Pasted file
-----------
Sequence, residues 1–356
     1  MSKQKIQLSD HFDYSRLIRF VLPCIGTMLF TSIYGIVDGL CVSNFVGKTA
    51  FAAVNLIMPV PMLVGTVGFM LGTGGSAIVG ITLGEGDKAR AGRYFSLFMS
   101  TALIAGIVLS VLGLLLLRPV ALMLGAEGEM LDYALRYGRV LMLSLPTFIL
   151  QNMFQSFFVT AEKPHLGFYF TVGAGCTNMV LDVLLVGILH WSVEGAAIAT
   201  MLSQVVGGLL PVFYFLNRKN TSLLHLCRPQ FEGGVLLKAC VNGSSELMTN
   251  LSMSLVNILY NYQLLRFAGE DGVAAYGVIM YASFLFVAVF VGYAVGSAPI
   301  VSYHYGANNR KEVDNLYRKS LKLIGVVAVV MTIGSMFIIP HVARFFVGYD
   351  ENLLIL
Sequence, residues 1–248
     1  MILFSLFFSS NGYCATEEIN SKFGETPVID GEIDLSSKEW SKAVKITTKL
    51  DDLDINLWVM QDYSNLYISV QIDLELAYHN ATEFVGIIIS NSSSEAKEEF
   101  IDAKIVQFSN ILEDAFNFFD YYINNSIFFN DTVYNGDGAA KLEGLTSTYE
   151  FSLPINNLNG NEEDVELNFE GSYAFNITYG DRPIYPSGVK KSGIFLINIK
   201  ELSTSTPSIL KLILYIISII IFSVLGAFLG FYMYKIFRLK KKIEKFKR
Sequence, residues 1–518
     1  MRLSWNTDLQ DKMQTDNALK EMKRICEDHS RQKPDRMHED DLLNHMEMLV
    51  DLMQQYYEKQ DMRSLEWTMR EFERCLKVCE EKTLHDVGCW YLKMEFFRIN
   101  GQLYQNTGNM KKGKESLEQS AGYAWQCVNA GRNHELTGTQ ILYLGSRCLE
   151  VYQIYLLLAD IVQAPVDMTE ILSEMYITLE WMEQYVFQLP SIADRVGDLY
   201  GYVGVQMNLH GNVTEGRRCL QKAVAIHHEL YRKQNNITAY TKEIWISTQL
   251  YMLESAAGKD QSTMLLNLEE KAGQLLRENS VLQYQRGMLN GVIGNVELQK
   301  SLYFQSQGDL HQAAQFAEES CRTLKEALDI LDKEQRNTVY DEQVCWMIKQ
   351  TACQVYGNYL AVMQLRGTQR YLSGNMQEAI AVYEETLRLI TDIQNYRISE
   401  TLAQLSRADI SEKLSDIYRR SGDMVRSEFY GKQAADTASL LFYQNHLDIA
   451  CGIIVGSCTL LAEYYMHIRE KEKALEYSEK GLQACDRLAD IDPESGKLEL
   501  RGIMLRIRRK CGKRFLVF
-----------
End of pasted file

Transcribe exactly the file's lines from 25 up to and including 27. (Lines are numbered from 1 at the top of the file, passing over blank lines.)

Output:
   401  TLAQLSRADI SEKLSDIYRR SGDMVRSEFY GKQAADTASL LFYQNHLDIA
   451  CGIIVGSCTL LAEYYMHIRE KEKALEYSEK GLQACDRLAD IDPESGKLEL
   501  RGIMLRIRRK CGKRFLVF